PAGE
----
In 2007, a study found that Polypodium leucotomos extract was beneficial to individuals who are extremely sensitivity to the sun. The individuals all had either polymorphic light eruption (itchy red rashes from sun exposure) or solar urticaria (a form of hives caused by sunlight), but had not responded well to other available therapies. These patients’ response to sunlight was measured both before and after taking an oral dose of 480 mg of Polypodium leucotomos.
The researchers reported that after taking Polypodium leucotomos and being exposed to sunlight, patients had a relevant and statistically significant reduction of skin reactions and subjective symptoms as compared to exposure without PL. The researchers concluded that the “photoprotective activity of Polypodium leucotomos was significant,” and furthermore, the tolerance of PL was excellent and administration was shown to be effective and safe.
[Caccialanza M, Percivalle S, Piccinno R, Brambilla R. Photoprotective activity of oral polypodium leucotomos extract in 25 patients with idiopathic photodermatoses. Photodermatol Photoimmunol Photomed. 2007 Feb;23(1):46-7.]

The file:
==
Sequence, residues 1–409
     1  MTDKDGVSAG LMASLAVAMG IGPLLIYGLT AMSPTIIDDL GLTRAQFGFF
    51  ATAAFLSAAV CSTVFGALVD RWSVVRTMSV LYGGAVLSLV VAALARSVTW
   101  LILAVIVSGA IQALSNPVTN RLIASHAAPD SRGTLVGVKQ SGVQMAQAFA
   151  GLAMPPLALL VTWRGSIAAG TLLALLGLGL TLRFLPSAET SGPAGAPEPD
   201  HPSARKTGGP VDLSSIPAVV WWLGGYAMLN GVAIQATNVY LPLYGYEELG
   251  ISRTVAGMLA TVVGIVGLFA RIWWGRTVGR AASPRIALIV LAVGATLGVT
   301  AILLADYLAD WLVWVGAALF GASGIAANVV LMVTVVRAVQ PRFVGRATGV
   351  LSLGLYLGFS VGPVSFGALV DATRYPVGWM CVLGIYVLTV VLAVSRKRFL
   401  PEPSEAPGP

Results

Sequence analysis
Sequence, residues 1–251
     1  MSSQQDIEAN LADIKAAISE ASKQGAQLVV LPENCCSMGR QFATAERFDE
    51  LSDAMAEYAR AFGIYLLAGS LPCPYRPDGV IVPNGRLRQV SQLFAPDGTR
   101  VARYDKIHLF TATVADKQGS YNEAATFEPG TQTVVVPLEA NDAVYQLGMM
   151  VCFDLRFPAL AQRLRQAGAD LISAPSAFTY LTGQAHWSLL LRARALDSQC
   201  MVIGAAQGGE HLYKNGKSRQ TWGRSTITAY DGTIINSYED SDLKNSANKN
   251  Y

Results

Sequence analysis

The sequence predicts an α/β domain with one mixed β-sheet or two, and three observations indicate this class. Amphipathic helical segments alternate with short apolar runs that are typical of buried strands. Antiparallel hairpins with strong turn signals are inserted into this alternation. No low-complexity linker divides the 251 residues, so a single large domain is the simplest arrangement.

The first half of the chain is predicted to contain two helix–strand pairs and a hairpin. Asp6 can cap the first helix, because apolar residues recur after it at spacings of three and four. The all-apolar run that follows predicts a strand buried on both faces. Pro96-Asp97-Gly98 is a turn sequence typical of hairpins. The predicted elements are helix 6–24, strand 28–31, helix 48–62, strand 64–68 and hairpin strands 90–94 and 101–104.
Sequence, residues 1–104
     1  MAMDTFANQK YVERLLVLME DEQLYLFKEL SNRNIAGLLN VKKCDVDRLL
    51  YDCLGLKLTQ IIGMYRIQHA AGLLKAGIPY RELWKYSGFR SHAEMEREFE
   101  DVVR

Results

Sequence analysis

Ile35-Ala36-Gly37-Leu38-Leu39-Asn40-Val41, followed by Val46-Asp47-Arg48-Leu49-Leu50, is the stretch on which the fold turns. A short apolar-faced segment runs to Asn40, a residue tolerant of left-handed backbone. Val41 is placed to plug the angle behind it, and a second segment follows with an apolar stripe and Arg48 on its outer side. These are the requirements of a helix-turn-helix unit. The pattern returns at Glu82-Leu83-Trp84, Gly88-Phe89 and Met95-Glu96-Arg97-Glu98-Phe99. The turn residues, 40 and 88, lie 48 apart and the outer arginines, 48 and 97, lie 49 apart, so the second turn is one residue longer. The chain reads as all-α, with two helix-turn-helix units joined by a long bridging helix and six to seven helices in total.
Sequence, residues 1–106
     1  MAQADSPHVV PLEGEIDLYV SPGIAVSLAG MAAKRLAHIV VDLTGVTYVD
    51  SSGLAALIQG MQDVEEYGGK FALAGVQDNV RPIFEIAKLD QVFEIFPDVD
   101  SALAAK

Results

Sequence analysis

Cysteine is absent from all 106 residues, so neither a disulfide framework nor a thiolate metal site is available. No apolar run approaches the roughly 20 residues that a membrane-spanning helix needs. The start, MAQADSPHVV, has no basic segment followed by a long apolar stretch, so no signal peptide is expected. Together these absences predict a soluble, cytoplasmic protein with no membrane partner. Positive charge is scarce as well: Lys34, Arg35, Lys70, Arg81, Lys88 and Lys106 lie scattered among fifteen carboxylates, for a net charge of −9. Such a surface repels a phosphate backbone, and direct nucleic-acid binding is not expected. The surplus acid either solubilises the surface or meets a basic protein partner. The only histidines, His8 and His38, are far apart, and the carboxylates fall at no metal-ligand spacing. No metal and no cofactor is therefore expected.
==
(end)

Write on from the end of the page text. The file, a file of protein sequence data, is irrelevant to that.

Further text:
Another study in 2012 tested 30 patients with polymorphic light eruption. These patients were exposed to UVA and UVB light both before taking Polypodium leucotomos and after two weeks of oral treatment with Polypodium leucotomos. After taking Polypodium leucotomos, 30% of patients did not get polymorphic light eruptions at all when exposed to UVA, and in the remaining patients the number of UVA irradiations needed to elicit polymorphic light eruptions increased on average from 1.95 to 2.62. Similarly, 28% of patients did not get polymorphic light eruptions at all when exposed to UVB, and in the remaining patients the number of UVB irradiations needed to elicit polymorphic light eruptions increased on average from 2.38 to 2.92. The researchers concluded that Polypodium leucotomos treatment might be beneficial for the prevention of PMLE.
[Tanew A, et al Oral administration of a hydrophilic extract of Polypodium leucotomos for the prevention of polymorphic light eruption . J Am Acad Dermatol. (2012)]
In another study of patients with idiopathic photodermatoses (53 with polymorphic light eruption and 4 with urticaria), the basal skin condition was clinically evaluated in the patients both before and after sunlight exposure while taking Polypodium leucotomos. 74% of patients taking 480mg of Polypodium leucotomos daily for 15 days reported a benefit, with a significant reduction of skin reaction to the sun and subjective symptoms. No side effects were reported. The researchers concluded that Polypodium leucotomos is an effective and safe treatment for photoprotection in those with polymorphic light eruption and urticaria.
[Caccialanza M, Recalcati S, Piccinno R Oral polypodium leucotomos extract photoprotective activity in 57 patients with idiopathic photodermatoses . G Ital Dermatol Venereol. (2011)]